The registry is still there, but Windows 10 S doesn't have the Registry Editor that applications can use to change system behavior. That also means users can’t tweak things in lamentable ways, and registry “cleaner” utilities likely to cause problems are blocked. With normal desktop software, any application can add and change registry keys and file associations. Because Windows 10 S only runs software from the Windows Store, all the apps use a virtualized registry, so one app can’t affect the settings another app uses.

Windows Store restrictions

Windows Store apps can be uninstalled cleanly, so you can try out apps without worrying that they’ll add unwanted services and applications that can reduce performance and battery life — another thing that makes Windows 10 S less fragile than Windows 10. Not everyone will realize it’s software they’ve installed that slows Windows down, and even if they do it can be tricky to remove cleanly.

The restriction to Windows Store apps also limits the apps that OEMs can preinstall on devices; they can’t add a different antivirus client from the built-in Windows Defender or add utilities that intercept website certificates and allow them to inject advertising.

Limiting Windows 10 S to the Store may not be as much of a limitation as you might think. For example, if you want to use the scanning feature in your multifunction printer (something you can’t do with just the device drivers delivered through Windows Update), most hardware vendors have Store apps for their recent devices with these kinds of features.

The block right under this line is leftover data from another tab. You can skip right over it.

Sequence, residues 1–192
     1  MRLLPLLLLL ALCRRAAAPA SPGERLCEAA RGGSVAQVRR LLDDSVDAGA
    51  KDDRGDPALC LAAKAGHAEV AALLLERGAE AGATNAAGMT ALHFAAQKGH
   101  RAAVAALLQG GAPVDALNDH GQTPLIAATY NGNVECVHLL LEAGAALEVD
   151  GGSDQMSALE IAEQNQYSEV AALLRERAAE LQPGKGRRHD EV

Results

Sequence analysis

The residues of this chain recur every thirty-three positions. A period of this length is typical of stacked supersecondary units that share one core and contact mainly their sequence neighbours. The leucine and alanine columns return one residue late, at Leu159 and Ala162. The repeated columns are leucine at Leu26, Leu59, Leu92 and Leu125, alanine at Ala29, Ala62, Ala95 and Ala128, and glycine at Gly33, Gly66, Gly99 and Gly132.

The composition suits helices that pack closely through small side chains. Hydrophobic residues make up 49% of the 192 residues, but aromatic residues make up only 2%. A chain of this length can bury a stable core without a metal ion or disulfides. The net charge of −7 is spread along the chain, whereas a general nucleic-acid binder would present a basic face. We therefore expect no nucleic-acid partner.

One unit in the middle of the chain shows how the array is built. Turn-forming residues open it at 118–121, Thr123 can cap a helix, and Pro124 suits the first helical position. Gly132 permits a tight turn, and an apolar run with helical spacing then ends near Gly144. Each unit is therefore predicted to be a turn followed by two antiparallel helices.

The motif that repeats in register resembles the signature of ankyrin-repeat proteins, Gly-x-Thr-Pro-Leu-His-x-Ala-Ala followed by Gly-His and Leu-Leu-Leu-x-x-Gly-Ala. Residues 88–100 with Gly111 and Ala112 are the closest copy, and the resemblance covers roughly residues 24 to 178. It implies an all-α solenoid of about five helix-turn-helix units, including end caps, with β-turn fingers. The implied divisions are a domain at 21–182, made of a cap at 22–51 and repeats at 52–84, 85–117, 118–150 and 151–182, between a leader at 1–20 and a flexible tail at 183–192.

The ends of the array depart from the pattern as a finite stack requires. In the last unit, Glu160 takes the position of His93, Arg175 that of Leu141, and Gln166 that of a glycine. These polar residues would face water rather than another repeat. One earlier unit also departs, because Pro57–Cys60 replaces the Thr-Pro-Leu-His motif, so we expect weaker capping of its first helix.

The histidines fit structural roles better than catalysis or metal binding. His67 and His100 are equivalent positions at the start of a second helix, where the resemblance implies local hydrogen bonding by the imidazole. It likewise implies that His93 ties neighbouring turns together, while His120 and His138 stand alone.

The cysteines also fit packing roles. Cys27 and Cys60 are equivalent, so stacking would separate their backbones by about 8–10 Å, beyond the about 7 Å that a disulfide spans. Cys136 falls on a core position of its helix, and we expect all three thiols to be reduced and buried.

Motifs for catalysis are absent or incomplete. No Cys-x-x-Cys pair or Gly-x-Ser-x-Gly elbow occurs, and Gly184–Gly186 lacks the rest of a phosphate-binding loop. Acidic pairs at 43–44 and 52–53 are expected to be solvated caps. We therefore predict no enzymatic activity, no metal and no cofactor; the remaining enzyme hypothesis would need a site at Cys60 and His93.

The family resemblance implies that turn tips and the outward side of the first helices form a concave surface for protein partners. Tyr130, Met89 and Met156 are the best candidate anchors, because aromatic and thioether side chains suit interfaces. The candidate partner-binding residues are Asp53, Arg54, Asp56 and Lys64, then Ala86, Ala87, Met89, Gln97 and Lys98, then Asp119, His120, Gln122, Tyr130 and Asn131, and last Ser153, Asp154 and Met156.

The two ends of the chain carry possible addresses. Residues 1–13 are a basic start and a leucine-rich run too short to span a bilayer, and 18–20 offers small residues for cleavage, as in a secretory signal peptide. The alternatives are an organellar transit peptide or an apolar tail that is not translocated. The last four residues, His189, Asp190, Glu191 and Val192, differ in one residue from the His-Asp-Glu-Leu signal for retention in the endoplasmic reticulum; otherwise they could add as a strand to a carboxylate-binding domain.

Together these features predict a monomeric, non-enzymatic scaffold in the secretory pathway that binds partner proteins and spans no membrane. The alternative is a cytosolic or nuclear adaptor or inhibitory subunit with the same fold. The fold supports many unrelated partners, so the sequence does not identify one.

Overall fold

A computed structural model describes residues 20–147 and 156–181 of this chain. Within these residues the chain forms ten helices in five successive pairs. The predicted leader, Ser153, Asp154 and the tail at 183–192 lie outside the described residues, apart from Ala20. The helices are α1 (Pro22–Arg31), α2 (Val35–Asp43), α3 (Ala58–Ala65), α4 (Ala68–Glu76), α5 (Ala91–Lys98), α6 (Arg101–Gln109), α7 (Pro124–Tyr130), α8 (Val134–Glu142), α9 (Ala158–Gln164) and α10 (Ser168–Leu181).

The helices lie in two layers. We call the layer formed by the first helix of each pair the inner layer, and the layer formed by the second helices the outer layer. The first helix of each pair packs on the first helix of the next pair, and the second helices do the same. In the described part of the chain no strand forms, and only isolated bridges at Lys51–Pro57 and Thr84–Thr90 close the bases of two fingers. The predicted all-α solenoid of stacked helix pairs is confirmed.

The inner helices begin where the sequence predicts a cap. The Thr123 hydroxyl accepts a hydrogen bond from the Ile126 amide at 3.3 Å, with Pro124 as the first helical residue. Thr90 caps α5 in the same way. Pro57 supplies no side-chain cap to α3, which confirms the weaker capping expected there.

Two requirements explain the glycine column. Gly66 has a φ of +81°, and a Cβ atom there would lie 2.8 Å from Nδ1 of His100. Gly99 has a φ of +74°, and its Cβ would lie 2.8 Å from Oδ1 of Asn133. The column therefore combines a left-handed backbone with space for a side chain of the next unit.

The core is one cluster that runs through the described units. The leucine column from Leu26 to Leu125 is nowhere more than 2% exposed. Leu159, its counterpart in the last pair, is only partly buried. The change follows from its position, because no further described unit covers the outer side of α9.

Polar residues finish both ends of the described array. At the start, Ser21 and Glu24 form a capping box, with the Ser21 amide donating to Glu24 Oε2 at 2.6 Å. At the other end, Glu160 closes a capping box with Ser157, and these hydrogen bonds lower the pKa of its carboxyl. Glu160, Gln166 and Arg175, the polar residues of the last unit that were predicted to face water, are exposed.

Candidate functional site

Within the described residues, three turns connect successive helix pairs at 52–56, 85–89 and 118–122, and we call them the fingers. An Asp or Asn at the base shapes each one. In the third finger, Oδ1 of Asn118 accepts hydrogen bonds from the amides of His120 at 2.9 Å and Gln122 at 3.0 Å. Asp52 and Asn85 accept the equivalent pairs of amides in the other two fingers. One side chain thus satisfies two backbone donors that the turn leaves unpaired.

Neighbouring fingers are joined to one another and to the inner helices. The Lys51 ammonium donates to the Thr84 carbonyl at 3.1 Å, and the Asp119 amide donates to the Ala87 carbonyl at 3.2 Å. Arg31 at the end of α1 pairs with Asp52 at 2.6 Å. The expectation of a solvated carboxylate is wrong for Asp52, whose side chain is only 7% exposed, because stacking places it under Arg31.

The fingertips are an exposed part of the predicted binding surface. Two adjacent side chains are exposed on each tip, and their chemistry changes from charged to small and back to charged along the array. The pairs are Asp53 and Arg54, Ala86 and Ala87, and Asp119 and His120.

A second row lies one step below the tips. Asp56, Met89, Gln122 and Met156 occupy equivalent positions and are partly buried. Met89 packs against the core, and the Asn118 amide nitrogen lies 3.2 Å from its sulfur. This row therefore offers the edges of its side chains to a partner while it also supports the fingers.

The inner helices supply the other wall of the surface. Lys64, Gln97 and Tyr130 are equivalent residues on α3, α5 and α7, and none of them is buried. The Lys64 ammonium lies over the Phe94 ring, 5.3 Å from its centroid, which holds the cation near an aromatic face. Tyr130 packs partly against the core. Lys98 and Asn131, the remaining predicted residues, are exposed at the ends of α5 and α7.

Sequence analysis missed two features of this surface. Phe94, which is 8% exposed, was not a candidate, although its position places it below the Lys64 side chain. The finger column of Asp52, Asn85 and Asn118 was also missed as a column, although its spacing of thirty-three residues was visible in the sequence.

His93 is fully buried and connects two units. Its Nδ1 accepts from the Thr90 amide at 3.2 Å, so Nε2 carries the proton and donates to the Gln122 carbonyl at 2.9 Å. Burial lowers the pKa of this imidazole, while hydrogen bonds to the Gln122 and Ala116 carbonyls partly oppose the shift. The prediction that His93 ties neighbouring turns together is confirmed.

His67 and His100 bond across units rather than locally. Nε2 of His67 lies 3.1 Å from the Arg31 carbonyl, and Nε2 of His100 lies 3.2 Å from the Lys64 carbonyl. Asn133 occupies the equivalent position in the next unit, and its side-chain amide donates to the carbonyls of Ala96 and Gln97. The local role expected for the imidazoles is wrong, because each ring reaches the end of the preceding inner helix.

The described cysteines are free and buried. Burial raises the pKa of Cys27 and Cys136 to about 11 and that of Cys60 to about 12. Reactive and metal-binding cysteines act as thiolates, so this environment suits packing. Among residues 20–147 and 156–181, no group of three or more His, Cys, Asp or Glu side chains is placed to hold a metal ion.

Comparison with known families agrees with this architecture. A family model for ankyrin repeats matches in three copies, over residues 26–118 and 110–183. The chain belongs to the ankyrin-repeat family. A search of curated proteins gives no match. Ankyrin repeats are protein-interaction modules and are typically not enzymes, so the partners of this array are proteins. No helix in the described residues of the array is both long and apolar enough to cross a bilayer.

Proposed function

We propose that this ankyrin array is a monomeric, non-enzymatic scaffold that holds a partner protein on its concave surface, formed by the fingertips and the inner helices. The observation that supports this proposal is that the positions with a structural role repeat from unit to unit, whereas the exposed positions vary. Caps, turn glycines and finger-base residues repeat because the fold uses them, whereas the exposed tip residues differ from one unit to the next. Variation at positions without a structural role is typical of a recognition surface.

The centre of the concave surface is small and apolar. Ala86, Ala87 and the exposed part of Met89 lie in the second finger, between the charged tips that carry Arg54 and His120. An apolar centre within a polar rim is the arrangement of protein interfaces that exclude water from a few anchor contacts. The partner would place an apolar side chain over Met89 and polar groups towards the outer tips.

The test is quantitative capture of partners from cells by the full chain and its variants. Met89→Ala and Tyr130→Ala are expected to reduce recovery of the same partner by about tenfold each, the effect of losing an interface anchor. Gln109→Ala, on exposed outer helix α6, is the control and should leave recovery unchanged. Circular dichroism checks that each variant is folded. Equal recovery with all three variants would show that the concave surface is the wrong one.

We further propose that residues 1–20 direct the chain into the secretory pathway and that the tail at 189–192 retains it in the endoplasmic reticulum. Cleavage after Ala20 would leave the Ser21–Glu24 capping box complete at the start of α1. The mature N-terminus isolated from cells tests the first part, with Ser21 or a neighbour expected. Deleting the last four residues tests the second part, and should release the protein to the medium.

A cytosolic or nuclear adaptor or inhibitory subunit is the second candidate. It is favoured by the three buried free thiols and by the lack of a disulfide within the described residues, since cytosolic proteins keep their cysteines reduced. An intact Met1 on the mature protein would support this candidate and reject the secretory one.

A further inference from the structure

There’s no command line in Windows 10 S – neither the Microsoft-DOS-style command console nor PowerShell – and no scripts that could introduce malware or change settings to degrade performance and battery life. That means you can’t sideload your own apps, even if you have the code. And you can’t add a command-line tool.

Not all apps available from the Windows Store will run on Windows 10 S. For example, because Windows 10 S lacks the Windows Subsystem for Linux and the command line, the Linux distros in the Windows Store won’t work. But Linux binaries are exactly the kind of arbitrary code that Windows S is designed to keep off your system. Even if Microsoft packaged up Visual Studio Code for the Store, it would produce code that you couldn’t test or run on a Windows 10 S device.

You can install desktop applications on Windows 10 S, but only if they’ve been sandboxed by Microsoft’s Desktop Bridge tool and come through the Windows Store. That’s how you can get Office 2016; you download Office Home and Student from the Store and get desktop versions of Word, Excel, PowerPoint and Outlook.

Other Office suite productivity apps, such as Sway and Teams, are already available as Store apps. But compromises are necessary; you're limited to Skype instead of Skype for Business, and the Store version of OneNote doesn’t have all of the features of desktop OneNote. But Microsoft offers Publisher, another desktop application, as part of the Office download from the Store, and Microsoft’s Samji hints that “you’ll see us continue to have more things available from the suite.”

Other software publishers using the Desktop Bridge tool to deliver software include  Evernote, Slack, Spotify, Turbo Tax and — when the Fall Creators Update is available — iTunes.

Slightly more surprising, Windows 10 S doesn’t let you run desktop browsers other than Edge and Internet Explorer (for backwards compatibility). That’s because Windows Store policies only allow browsers that use the Edge and Chakra HTML and JavaScript engines included in Windows; Chrome and Firefox would need to install their own HTML engines and make the kinds of changes to the Windows system that Windows 10 S doesn’t allow.

If you download an application that is blocked on Windows 10 S, it won’t install. But if there’s a version of the same software – or what Microsoft considers to be a comparable app – in the Windows Store, the error message will include a link to download that instead, and it will give you the option of upgrading to Windows 10 Pro so you can go back and install the software you want.